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Power Torque Magazine (AU)  /  March 2017

Is CNG or LNG the alternative answer to rising fuel costs? Chris Mullett reports from Louisville, Kentucky.

According to the commodities experts, the United States could well become an exporter of natural gas by the end of 2014, ending the nation’s reliance on foreign imports. But does the newfound wealth of the gas drillers produce a global solution for transport operators looking for an alternative to diesel fuel?

When America has a problem it also has a habit of letting the solution it comes up with override any full critique. It often seems to be a case that the end justifies the means.

The latest expansion of the coal seam gas exploration industry, taking place all over America, looks at first sight as though it is the panacea for unemployment. Could this be the rapid way for the nation to reduce a budget deficit of alarming proportions and at the same time provide the means to kick-start the US economy?

The drillers obviously say yes. The methods used in the extraction process of “fracking” requires thousands of new trucks to haul equipment, plus tankers to carry the water and chemicals used to pump under ground to fracture the substructure.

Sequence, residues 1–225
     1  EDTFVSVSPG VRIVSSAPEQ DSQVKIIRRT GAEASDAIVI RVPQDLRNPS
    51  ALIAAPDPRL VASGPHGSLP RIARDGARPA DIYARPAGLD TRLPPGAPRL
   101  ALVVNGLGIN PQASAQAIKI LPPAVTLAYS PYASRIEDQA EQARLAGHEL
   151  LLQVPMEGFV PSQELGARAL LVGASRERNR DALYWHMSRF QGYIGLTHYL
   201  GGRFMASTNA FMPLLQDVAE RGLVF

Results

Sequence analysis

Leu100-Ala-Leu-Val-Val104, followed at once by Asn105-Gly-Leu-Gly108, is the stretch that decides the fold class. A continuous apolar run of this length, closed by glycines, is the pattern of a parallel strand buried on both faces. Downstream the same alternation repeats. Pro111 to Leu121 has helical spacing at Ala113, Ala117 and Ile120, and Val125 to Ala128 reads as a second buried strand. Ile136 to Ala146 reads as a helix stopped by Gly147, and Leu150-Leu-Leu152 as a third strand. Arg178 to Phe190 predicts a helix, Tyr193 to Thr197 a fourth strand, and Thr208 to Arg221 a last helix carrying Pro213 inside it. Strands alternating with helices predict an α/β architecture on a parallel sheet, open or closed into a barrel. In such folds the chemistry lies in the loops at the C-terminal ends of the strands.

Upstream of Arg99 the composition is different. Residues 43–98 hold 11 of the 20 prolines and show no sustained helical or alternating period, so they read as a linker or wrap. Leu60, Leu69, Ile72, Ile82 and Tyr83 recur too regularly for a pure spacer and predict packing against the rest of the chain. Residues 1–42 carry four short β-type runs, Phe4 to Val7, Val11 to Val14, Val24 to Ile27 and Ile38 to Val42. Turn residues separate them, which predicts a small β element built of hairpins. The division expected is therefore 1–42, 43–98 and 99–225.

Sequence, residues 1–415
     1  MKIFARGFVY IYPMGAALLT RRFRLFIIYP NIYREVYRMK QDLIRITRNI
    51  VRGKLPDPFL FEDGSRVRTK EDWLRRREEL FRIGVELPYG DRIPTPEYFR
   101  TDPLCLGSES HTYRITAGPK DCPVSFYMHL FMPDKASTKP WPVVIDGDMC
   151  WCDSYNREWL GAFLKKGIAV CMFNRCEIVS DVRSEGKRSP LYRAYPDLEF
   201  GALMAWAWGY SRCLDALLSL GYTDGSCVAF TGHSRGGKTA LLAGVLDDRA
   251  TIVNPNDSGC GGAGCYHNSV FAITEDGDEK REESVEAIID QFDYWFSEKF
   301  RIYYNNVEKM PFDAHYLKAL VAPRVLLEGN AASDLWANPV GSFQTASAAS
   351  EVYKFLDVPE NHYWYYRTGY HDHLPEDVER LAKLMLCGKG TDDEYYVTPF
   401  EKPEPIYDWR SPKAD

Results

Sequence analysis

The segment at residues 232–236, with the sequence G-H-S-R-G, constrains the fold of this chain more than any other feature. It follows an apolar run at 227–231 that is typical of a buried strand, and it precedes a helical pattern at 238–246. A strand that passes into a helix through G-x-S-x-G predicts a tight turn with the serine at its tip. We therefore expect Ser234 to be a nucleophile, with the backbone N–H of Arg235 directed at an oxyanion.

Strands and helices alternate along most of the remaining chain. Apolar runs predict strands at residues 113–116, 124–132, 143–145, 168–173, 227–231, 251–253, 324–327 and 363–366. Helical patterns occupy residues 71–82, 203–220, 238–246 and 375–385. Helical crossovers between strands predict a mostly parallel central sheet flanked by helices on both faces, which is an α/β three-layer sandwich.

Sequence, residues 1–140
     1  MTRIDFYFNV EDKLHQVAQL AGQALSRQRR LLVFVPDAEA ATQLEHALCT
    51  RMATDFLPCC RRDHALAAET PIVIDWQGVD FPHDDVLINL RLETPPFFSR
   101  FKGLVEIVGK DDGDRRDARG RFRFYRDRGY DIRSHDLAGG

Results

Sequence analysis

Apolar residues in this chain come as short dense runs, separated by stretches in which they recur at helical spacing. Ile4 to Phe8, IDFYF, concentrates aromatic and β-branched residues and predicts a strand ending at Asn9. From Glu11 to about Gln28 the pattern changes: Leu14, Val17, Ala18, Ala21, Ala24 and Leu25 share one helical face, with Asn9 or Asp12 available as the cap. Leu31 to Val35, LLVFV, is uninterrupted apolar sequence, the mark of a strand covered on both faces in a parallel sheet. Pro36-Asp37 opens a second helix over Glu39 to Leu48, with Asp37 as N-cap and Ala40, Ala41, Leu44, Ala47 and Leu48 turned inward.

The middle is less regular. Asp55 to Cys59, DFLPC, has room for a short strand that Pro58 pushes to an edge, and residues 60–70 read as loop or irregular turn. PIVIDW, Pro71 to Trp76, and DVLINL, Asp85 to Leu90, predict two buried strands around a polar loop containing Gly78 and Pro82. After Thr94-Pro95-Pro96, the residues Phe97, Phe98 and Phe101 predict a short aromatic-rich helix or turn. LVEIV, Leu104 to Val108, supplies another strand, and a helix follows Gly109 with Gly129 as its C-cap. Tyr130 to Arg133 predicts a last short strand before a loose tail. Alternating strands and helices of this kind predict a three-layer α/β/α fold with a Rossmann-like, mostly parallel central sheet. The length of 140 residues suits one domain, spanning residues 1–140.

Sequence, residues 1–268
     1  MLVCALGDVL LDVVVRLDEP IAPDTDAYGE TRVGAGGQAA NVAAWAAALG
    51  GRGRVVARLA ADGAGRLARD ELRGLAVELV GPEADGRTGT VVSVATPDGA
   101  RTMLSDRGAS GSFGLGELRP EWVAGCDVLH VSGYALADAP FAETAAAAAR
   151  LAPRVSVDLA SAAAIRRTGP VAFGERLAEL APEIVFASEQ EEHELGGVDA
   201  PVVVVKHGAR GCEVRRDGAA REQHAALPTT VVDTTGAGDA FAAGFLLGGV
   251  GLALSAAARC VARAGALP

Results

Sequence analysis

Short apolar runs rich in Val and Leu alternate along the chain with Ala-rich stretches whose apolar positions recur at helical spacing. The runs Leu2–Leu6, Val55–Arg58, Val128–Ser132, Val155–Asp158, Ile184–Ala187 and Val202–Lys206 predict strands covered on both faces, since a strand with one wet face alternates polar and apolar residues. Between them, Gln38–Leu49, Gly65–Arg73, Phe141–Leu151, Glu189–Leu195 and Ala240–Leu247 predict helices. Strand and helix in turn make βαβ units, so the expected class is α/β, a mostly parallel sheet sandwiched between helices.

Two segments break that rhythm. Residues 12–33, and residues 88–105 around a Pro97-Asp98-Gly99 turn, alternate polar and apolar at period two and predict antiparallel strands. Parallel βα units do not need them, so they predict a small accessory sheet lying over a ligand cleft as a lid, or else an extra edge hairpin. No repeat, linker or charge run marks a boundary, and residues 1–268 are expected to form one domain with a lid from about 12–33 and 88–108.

As the nation taps into the gas boom, it’s all systems go for the natural gas exploration industry. And while your company is drilling for gas and finding plenty of reserves that require very little in the way of refining to make it usable, why not run your vehicles on the stuff? After all, it’s up to half the price of petrol and it’s clean as far as emissions regulations are concerned.

The only drawback to all this excitement is that we seem to have very little knowledge available as to how the ground will react to what is taking place sometimes thousands of feet below. Whether the toxins released by the fracking process can seriously damage the environment, turning the ground barren and poisoning water, appears to be a possibility. But all this is lost or forgotten in the search for financial gain.